ACL Orders Five Largest CONROs from China
Atlantic Container Line has signed a contract with Hudong-Zhonghua Shipbuilding to build the five largest RORO/Containerships (CONROs) in the world.
The G4 (Generation 4) vessels will replace ACL’s existing fleet of G3 CONROs operating in the company’s transatlantic service.
The new vessels will be the first of their type ever built. They will be bigger, faster, greener and more efficient than their predecessors. The G4’s will have a container capacity of 3800 TEUs plus 28,900 square meters of RORO space, with a car capacity of 1307 vehicles. Speed will be increased by 10%, yet fuel consumption per TEU will be reduced by 50%. The new ships will continue to employ cell-guides on deck, a feature that will allow ACL to extend an enviable record: its ships have never lost a container over the side during the last 30 years. All five vessels will be delivered in 2015.
The innovative design was the brainchild of International Maritime Advisors (IMA) of Dragoer, Denmark, who successfully solved the problem of high ballast on CONRO vessels.
Virtually all CONRO vessels today stow containers on deck and lighter RORO cargo underdeck. Because of the significant air space that naturally occurs on RORO decks compared to the denser stowage of containers, most of the weight rides high on a standard CONRO vessel, requiring a great deal of ballast for stability. IMA developed the concept of putting all the RORO cargo midships, and stowing the containers in cells fore and aft of the RORO section. This results in cargo replacing ballast and much more efficient use of vessel space.
State-owned Hudong-Zhonghua Shipbuilding (HZ) of Shanghai has a reputation as one of the highest quality shipyards in China. They have built over 3,000 ships including complicated special purpose vessels and naval vessels. HZ commissioned Knud E. Hansen of Helsingor, Denmark to adapt the IMA CONRO concept to ACL’s requirements.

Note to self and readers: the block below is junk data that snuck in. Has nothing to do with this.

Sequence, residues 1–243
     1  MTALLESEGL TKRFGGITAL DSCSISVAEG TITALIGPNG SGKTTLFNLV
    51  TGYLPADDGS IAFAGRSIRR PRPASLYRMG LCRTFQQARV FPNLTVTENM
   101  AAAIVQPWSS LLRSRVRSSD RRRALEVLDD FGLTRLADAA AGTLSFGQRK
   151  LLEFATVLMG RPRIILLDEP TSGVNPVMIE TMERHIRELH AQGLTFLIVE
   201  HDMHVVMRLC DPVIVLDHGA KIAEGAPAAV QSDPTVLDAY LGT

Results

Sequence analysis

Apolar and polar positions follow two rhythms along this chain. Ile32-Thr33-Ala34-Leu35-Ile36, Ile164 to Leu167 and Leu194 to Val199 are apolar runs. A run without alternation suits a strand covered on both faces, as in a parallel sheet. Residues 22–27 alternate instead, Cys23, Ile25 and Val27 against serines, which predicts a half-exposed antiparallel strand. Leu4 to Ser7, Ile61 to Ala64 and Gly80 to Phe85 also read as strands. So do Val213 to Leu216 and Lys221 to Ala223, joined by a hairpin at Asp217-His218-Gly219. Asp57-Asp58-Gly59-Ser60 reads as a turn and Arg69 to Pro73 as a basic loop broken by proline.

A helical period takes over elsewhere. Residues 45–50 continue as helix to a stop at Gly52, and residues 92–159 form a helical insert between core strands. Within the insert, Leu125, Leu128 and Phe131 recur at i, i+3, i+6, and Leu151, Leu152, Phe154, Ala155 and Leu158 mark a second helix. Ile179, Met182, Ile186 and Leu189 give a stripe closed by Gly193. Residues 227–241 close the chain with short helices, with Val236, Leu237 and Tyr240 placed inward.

Quality control was a very important consideration in ACL’s choice of a shipyard. HZ’s quality control systems, their professionalism and innovative ideas won over both ACL and its parent company Grimaldi.
“We have taken our time to make this decision because we had to get it right,” explained Andrew Abbott, President & CEO of ACL. “We were able to buy at the perfect time and got a first class shipyard to help us to create a new standard to which all future CONROs will be compared. The dramatic increase in efficiency is essential for our long term competitiveness. We will have the equivalent of 6,500 TEU containerships in terms of earning power and economies of scale, but with far lower costs.” ACL is studying its current port rotation and will be making some enhancements. Although its new schedule has not been firmed up, it is expected that one or two traditional ACL port calls may be dropped to make room for a new South Atlantic port.
Bill Kearns, ACL’s Executive Vice President, notes that “we have been forced to put many of our loyal customers on allocations for many years because we were never able to grow with the market. It will be satisfying to be able to accept all the cargo that our customers offer us, instead of being constrained by space limitations.”
“The G4’s demonstrate to our customers and our staff that our parent company, Grimaldi, is prepared to invests for the future to maintain ACL’s unique position as a high quality container and RORO operator on the North Atlantic,” says Abbott. “Grimaldi has always been very supportive of ACL and its organization and they provided invaluable technical guidance and legal support during these negotiations. The G4’s will give us the right tools to further enhance our track record of profitability for many years to come.”
Source: ACL, August 14, 2012; Image: Knud E. Hansen